This section, introduced me to a catchy term, the performance poverty line – the slower site is, the more conversions tend to drop off, until, at around 6 seconds, they’re barely even happen compared to further up the scale.

If you don’t work in e-commerce, but if you work in an organisation where you have internal customers, the chapter following it shows how to think about it in terms of productivity gains, from sites working properly, or reduced bills on infrastructure.

The how of performance

I’ll say again – this is not a technical book, but the book does provide a good grounding on the principles of performance – the differences between latency and bandwidth, and how different parts of the infrastructure of the net affect performance, and what things like a content delivery network are and why they matter, and the different kinds of monitoring available these days  – synthetic and real user monitoring (RUM) performance measurement . This section is very accessible – if someone knows what HTML is, then they should be able to get through it easily, while still covering a lot of ground.

There’s some useful guidance on how you might target your performance efforts too, like which parts of a user journey tend to make the most sense to optimize first to see results.

The future of performance

The book rounds off with a few words about the future. There are a few new APIs in browsers to make measuring performance in terms that are more useful to us than simply tracking how long an entire page took to load, and it covers those, and there’s some further thoughts what where the function of tracking performance fits in an organisation.

Before I read this book, I hadn’t really heard of a role called a digital performance manager, and from what I read, it feels like a cross between a very focused product manager, and the kind of data scientist who gets their kicks from running analysis on the HTTP Archive with Big Query (as an aside, this sounds quite fun – I’d love to hear if this actually is your job).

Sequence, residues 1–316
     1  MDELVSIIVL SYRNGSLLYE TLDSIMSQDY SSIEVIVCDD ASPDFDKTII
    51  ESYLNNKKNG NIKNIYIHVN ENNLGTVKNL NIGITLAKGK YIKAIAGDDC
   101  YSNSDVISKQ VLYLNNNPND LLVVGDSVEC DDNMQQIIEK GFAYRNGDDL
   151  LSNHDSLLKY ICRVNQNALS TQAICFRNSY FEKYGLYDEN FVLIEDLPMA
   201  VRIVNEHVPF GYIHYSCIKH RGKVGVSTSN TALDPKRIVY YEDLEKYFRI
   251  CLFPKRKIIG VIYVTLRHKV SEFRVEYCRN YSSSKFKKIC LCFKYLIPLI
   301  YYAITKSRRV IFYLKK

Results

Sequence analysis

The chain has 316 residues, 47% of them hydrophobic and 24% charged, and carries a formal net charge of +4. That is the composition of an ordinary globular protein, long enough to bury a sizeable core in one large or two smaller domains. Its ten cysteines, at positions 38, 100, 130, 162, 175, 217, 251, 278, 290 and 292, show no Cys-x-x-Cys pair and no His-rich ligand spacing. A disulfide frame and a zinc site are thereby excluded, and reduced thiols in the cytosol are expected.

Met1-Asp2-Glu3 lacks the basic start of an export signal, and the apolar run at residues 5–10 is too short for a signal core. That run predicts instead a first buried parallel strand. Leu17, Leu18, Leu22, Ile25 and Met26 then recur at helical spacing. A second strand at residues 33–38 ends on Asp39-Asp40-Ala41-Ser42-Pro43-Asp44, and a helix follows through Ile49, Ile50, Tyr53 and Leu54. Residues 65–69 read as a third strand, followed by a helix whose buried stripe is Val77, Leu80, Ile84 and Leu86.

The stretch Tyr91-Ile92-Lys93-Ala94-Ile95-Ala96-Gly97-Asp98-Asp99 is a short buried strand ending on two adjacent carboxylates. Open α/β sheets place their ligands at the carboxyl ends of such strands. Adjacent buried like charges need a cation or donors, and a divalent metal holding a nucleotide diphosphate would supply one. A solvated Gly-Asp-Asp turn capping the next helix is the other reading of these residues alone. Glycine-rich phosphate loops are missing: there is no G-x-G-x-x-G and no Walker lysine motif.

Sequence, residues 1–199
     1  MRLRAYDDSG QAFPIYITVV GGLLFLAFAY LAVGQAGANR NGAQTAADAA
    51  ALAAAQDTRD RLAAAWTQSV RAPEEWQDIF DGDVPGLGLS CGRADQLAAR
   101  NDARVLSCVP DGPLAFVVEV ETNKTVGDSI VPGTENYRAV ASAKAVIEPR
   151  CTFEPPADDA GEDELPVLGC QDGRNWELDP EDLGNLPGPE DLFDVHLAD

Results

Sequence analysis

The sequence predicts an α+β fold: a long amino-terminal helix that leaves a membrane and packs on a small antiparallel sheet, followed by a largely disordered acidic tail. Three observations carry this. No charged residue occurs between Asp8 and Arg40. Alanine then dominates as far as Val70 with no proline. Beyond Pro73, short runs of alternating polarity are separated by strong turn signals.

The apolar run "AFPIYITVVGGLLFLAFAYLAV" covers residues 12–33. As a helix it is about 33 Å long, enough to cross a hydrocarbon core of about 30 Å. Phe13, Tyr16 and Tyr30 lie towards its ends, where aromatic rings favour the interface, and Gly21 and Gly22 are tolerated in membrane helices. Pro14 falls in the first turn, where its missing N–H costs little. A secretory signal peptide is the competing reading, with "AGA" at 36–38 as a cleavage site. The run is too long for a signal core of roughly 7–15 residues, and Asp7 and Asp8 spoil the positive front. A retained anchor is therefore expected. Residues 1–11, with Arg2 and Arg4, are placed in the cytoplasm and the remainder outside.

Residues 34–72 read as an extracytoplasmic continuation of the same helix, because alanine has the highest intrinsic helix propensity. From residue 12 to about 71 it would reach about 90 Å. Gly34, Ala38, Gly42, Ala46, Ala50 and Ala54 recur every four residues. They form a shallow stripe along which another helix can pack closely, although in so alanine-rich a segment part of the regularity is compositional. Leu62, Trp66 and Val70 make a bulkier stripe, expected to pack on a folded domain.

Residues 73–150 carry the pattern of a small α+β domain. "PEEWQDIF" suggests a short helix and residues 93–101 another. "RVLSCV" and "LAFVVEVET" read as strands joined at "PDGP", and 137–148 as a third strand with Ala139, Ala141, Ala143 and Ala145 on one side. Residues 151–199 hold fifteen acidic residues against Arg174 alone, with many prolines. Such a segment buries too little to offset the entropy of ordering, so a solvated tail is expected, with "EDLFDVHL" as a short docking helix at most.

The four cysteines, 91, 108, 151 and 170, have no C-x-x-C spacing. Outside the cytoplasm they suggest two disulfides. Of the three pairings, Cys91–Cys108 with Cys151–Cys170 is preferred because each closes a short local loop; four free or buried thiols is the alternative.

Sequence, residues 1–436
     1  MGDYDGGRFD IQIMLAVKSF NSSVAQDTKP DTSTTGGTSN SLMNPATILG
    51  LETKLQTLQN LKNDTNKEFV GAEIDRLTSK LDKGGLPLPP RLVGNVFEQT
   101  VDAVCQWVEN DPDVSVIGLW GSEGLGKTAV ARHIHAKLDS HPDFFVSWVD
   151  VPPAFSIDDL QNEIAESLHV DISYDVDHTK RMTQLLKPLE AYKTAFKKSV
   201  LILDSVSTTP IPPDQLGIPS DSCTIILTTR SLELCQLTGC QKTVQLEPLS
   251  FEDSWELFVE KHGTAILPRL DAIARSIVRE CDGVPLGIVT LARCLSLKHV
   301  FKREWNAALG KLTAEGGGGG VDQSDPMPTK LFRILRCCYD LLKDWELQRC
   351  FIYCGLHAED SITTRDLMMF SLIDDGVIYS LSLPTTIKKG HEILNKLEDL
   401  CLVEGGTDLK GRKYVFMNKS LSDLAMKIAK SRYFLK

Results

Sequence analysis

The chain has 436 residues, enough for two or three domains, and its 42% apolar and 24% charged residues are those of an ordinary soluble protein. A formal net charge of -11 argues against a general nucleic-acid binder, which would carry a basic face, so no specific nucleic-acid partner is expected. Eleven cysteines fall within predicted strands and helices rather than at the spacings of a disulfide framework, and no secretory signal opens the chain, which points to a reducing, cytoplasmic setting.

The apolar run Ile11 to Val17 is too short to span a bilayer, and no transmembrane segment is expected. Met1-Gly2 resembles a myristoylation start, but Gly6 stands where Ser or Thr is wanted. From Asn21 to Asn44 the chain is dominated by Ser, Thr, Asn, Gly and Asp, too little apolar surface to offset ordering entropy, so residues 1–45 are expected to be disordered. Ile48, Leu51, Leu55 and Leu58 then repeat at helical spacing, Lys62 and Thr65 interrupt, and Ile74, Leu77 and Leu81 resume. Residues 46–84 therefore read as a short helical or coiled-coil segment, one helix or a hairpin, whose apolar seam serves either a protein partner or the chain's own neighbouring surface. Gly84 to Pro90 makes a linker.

Who should buy this book

It feels like there are two clear audiences for this book:

  1. People into WPO who want to know how to sell it to others.
  2. People the first group would like to sell it to

People into WPO who want to know how to sell it to others. If this is you and you’re working in a job where you want to start doing this, then it’ll probably cost you as much in billable time to read this review, go to amazon, read some more reviews and buy the book, as the book itself costs to buy, and start making a case at work. What are you waiting for?

The other audience, seems to be the people who the first group would want to give this book to – either because someone has given it to them to read, to understand what they’re continually going on about, or because they don’t code, but think there might be something in this performance thing. It feels like this is the real audience for the book, and the writing is light, and easy to read quickly for this reason.

If you don’t code as primary way of making money, but you work with developers, it’s a good complement to the following short books, for understanding other aspects of working on or managing a digital product:

  1. Erin Kissane’s Elements of Content Strategy, (for content strategy and UX)
  2. Jimmy Janlen’s Toolbox for the Agile Coach (for sharing and planning agile work better in co-located environments)
  3. Kathy Sierra’s Badass (making users feel productive and effective when using your products).

In case you forgot – I really like it.